Maven supports JAR Hell

In one of my previous post I wrote that using development frameworks pays off and it is generally worth investing your time in learning how to use them. I was also clear that learning process is not easy and you could lose some hair from your head or simply go mad.

I would like to present an example how easily you can get lost using Spring Framework together with Struts 2 and Maven. The problem I’m going to present is often referred as a JAR Hell. I will present ideas how to cope with that.

The Problem

In the following paragraphs I’m going to present libraries dependency problems I encountered integrating Spring Framework with Struts2. I will also present how I discovered what the real problem is and how I solved it.

Let’s go
In one of my projects I use Spring integration with Struts2. In order to use this integration I have to add following dependency to pom.xml:


org.apache.struts
struts2-spring-plugin
${strutsVersion}


Spring dependency
I used not only Spring integration for Struts2 but Spring Framework itself thus I had to add dependency to it. If you want to use Spring you can add it to your project in two different ways. One way is to add only those Spring components you need – the full list is available here:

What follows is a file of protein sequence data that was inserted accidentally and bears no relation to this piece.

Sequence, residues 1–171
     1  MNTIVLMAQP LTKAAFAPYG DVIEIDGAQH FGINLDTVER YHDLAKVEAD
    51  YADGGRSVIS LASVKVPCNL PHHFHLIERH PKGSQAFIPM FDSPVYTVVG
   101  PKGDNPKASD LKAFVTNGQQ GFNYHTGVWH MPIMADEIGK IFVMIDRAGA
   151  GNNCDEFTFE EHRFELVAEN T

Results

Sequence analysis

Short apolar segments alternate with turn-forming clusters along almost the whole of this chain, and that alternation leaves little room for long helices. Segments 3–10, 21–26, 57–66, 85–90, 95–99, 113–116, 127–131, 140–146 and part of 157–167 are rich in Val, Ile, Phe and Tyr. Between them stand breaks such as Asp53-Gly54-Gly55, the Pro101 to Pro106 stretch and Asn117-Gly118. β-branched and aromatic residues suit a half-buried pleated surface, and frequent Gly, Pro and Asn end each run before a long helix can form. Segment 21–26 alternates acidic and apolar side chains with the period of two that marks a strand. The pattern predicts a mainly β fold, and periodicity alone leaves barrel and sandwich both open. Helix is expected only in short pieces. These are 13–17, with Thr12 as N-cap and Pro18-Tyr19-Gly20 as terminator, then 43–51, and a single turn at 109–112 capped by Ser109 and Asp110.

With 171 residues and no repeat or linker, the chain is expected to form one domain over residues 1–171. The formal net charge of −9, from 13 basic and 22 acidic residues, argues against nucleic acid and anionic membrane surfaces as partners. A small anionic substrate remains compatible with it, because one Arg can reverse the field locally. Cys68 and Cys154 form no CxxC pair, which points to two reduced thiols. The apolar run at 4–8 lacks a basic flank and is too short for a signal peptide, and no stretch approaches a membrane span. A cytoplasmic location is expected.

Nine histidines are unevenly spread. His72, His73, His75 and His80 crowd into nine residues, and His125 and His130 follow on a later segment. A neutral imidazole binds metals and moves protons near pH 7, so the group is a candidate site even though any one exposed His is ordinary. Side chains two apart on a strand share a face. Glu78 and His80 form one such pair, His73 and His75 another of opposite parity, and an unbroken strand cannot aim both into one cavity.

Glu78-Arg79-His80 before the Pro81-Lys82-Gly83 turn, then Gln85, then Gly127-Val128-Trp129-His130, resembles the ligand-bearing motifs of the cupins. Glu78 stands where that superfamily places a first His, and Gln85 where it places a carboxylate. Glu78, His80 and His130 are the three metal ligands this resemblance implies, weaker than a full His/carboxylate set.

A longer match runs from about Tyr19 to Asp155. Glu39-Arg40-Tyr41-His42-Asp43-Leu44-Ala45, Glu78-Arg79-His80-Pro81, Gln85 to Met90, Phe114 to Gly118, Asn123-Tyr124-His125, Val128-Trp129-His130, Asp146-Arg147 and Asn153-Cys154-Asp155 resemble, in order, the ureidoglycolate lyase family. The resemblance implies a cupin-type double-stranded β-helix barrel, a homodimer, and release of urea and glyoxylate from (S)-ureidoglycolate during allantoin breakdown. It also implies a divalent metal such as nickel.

org.springframework
spring-beans
${springVersion}


org.springframework
spring-context
${springVersion}

...

The other way
This was the way I used it at the beginning but later I decided not to trash my POM and to replace multiple dependency entries with one (full Spring package with all components – it’s about 2.8 MB):


org.springframework
spring
${springVersion}

Here is my full pom.xml I’m using in the example.

JUnit errors
I built the project and my tests were OK – I was happy. Unfortunately when I started developing next feature I created new Spring-based unit test i.e. (please refer to Spring documentation for details):

@RunWith(SpringJUnit4ClassRunner.class)
@ContextConfiguration(locations = {
"classpath:/spring/applicationContext*.xml",
"classpath:/spring/context-hibernate-test.xml"
})
public class ...Test {

and tried to run it from Eclipse. How surprised I was when I got this exception:

java.lang.NoSuchMethodError: org.springframework.core.annotation.AnnotationUtils.findAnnotationDeclaringClass(Ljava/lang/Class;Ljava/lang/Class;)

That’s pretty strange one 🙂 And the whole build process was OK when launched by Maven!

Investigation